The instructor sets it up once, and then it works semester after semester, automatically, on behalf of the instructor. The students really appreciate the feedback and that we’re checking up on them and trying to help them. That, too, shows up in the teacher evaluations.
Administrators should remain active in the classroom; technology leaders should consume their own technology.
And how are you using chatbots?
We’re proposing chatbots for everybody. Two to three years from now, every faculty member will get their own chatbot. Why would we do that? I’ll give you a stupid example, but it’s true.
I teach risk management. At least 15 to 30 times per semester, I’ll get email that says, “Dr. Carver, how many people are on teams in the final project?”
It doesn’t matter that the number of people is included on the course syllabus, or that I’ve built an FAQ section on the course website, or that I made a YouTube clip explaining the project, or that I cover it in class. None of that matters.
I reply: “Two to five.” They email back: “Can we do a project with six?” I reply: “Six is not a number between two and five.”
They ask: “Well, why can’t I do a project with six?” I reply: “Because research has proven that teams of two to five work best, and if you add a sixth person, that sixth person typically doesn’t do anything.”
They email again: “What happens if we ignore you and form a group of six?” I reply: “Your base grade for the final exam starts at 85, none of the team members will get an A in the class, and it’s only going to go down from there. Please tell the remainder of the team that they’re not going to do well.”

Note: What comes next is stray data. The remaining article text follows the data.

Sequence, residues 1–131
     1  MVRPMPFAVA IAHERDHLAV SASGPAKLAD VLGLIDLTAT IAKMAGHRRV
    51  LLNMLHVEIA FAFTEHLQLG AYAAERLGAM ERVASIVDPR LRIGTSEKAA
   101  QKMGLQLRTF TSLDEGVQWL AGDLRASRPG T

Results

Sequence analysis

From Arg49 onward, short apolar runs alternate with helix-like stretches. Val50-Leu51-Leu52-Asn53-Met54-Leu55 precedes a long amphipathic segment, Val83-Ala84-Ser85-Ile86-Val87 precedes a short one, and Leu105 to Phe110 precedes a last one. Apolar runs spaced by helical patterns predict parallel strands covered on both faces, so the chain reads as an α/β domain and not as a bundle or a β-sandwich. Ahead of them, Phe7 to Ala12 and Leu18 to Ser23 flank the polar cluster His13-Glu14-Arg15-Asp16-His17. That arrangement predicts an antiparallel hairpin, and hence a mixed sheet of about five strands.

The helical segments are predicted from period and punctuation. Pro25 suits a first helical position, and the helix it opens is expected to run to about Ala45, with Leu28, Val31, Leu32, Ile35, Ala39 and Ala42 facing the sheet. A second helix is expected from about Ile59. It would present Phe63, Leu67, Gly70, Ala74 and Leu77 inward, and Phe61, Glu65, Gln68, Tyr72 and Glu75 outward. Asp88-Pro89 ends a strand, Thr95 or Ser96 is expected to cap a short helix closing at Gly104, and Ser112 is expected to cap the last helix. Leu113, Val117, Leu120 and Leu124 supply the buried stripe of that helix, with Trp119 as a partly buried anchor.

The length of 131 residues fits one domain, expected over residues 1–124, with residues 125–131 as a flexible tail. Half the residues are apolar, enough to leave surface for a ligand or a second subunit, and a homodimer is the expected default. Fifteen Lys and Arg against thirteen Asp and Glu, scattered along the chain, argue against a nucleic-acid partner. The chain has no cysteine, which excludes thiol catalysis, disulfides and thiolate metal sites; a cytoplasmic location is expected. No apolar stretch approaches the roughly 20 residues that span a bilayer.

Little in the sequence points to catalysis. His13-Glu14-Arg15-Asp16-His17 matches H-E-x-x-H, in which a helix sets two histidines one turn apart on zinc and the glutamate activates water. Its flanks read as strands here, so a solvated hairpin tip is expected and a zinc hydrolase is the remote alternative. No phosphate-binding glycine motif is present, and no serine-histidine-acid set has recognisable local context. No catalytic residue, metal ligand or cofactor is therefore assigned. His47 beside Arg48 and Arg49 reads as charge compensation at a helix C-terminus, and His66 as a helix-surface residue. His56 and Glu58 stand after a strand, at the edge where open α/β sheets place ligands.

I also get it on the opposite side. They want to do an individual project because they don’t like groups, or they’ve got children, or a work schedule that’s different. You get the idea. Again, I reply: “One is not a number between two and five.”
They say, “I’m a unique snowflake.” I reply: “Yes, you’re a unique snowflake, but companies hire people who can work in teams.”
As I said, I get this 15 to 30 times per semester, and with the back-and-forth, we’re talking about hundreds of emails. And I am not alone. It happens to us all. Faculty members hate providing answers to basic questions that are already published in numerous places.
Our proposal is to deploy chatbot technology and take that off their plates—to automatically answer those FAQs, not just in class, but in finance, HR and advancement. It would permeate all areas of the university.
You said you still teach. That must give you some insight into how the systems work.
I believe administrators should remain active in the classroom, and technology leaders should consume their own technology. That will be part of the focus of the talk at UBTech, along with creating digital moments. Those are moments that change how you perceive your job, your job satisfaction and yourself.
As in the chatbot example, am I the most expensive typist on the planet or am I someone who’s out to change the world through my teaching and research?
The focus of our next strategic plan is on digital moments. How do we take the mundane and create a competitive advantage in terms of increased revenue and increased graduation, retention and progression rates at the university?
I hope this will be a passionate, optimistic keynote that will get people fired up at UBTech and will generate a lot of different ideas that are far-reaching and hopefully different from their current experiences with their CIOs and their technology leaders. It will include lots of stuff they can take back and then institute locally.
Tim Goral is senior editor.